West Virginia's Office of Technology could wind up with dozens of high-capacity Internet routers and no place to put them.
Amid a review ordered by Gov. Earl Ray Tomblin, the state technology agency reported this week that 69 routers - valued at a combined $1.4 million - still hadn't been assigned to a government facility as part of a statewide high-speed Internet expansion project funded by the federal stimulus. Fifty-four of those routers remain boxed up in storage at the state Capitol - three years after they were purchased with stimulus funds.
State officials have put the word out about the unused equipment, but they've had few takers of late.
"I do expect there will be some routers left over after the site review," said state Chief Technology Officer Gale Given in an email to the Gazette. "As far as how many and the disposition, I'm still working through that."
State officials are scrambling to find homes for the unused routers, following a scathing Legislative Auditor's report in February that found the state wasted at least $7.9 million - and up to $15 million - on oversized routers, which funnel data from one computer network to another. The state audit and a previous federal audit, determined the state could have purchased smaller, less expensive routers for hundreds of sites.
In response, Tomblin directed state officials to reconsider where they've installed the high-capacity Cisco 3945 series routers paid for with $24 million in stimulus funds.
On Wednesday, Cisco reiterated its promise to take back routers if West Virginia can't find an appropriate place to put them.
"Cisco still plans to take back any 3945 series routers identified as surplus by the state's site assessment," said John Earnhardt, a Cisco spokesman. "We are working to our customer's timetable and continue to talk with them about the number of routers and how this will happen. We're confident that we'll reach a solution that meets the needs of the [federal agency that's overseeing the broadband project] and the state of West Virginia."
According to the state technology office, 23 of 92 unused routers have been assigned to public facilities in West Virginia, but haven't been shipped yet.
Sites scheduled to receive routers include a private doctor's office in Buckhannon, a culinary institute in Huntington, and the Parkersburg Parole Office.
Meanwhile, the Pendleton County High School building is scheduled to receive two additional routers funded by the stimulus.
The school, which is located in Franklin, initially received a router in May 2011. Two more routers have been assigned to the building - one to a school-based health clinic and another to Eastern Community & Technical College's branch campus at the school.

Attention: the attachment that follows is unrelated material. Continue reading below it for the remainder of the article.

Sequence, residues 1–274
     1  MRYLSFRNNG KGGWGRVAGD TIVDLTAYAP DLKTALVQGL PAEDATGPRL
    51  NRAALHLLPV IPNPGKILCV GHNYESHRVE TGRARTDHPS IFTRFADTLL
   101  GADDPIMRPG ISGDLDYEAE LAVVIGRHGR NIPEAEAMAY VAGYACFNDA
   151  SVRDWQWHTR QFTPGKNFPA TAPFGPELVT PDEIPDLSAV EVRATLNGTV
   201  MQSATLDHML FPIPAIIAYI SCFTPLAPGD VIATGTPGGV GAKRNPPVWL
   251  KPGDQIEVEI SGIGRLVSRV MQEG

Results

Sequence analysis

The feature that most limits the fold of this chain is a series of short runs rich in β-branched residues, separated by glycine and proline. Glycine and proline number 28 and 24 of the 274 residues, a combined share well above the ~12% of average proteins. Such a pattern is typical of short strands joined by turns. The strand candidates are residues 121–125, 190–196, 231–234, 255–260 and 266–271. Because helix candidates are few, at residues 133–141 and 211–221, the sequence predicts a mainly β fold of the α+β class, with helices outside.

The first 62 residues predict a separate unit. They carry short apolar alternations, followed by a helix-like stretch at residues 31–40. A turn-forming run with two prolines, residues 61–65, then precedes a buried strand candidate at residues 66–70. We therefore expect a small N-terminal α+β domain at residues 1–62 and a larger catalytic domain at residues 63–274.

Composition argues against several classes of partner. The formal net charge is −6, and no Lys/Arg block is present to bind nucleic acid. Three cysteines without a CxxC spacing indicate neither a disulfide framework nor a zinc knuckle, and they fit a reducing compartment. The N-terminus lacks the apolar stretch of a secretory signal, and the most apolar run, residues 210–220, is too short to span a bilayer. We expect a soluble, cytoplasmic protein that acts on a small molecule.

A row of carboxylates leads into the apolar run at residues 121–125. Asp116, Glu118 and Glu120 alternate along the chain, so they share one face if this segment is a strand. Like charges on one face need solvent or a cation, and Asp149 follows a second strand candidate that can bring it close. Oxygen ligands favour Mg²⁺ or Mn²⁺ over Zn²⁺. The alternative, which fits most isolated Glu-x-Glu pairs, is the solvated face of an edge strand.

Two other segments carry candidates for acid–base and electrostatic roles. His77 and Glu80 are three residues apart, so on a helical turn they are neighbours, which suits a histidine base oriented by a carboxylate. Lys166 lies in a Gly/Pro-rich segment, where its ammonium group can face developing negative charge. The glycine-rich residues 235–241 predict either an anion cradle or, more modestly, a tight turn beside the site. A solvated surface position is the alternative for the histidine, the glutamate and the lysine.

In February, the legislative audit criticized state officials for installing six routers at sites in the city of Franklin, all located within three-quarters of a mile of each other. Franklin, which has a population of 720, will now have eight routers - priced at $22,600 each.
The state has already shipped hundreds of the Cisco 3945 series routers to "community anchor institutions" - schools, libraries, planning agencies, health centers, State Police detachments, county courthouses, state agencies and other public facilities. Many routers have been installed. A Tomblin-appointed committee - called the Broadband Coordination Team - is reviewing the sites and determining whether the public facilities need the high-powered routers.
The state is considering swapping out the larger routers with smaller ones, or possibly asking for refunds and exchanges from Cisco. The review was supposed to take 30 days, but has lasted weeks longer.
"Overall, we're making great progress," said Amy Shuler Goodwin, a Tomblin spokeswoman who serves on the committee. "We're getting detailed information from all the sites. We believe we're seeing a lot of positive momentum."
In addition to the committee's review, state inspectors are traveling to every site to check router serial numbers and ensure the devices are properly marked as state property.
As of this week, the "compliance team" inspectors had completed 650 inventory reviews, according to an online report filed by the state.
After the reviews, Tomblin's office plans to set up a task force to help public facilities utilize the high-capacity routers' capabilities. The group is expected to deliver a report to Tomblin and state lawmakers by Jan. 1.
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